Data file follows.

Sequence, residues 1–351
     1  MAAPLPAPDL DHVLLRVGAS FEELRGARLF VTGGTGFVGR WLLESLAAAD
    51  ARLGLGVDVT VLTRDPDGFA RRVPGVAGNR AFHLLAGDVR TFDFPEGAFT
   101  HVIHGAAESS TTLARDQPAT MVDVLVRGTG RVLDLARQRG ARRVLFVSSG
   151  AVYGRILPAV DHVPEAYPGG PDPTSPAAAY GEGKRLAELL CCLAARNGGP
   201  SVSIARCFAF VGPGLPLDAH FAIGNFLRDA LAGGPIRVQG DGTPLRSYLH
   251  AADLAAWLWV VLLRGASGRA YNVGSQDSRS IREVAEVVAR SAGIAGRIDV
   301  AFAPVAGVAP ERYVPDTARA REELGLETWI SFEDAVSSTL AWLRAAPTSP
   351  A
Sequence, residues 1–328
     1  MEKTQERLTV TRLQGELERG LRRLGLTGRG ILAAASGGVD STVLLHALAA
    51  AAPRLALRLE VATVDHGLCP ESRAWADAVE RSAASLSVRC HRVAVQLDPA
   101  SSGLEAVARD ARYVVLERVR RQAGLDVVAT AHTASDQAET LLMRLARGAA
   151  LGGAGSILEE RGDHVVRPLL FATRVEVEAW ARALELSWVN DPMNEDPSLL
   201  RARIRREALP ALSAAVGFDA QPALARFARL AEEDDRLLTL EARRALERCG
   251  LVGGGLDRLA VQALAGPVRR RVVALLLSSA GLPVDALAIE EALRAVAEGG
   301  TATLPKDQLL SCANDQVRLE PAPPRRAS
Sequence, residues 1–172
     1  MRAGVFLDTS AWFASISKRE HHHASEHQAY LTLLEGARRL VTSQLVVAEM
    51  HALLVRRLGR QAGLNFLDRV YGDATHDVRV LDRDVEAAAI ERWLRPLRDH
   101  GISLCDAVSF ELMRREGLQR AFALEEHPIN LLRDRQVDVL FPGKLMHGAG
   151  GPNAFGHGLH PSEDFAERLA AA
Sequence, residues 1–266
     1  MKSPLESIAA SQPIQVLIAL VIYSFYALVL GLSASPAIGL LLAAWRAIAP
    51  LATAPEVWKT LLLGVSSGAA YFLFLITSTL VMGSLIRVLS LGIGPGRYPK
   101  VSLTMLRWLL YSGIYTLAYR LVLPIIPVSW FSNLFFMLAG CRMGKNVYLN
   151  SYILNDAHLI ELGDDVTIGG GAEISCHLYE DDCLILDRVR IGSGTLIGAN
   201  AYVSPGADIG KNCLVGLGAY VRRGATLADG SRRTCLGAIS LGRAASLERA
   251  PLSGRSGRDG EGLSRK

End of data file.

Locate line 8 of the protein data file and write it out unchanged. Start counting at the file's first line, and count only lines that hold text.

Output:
   301  AFAPVAGVAP ERYVPDTARA REELGLETWI SFEDAVSSTL AWLRAAPTSP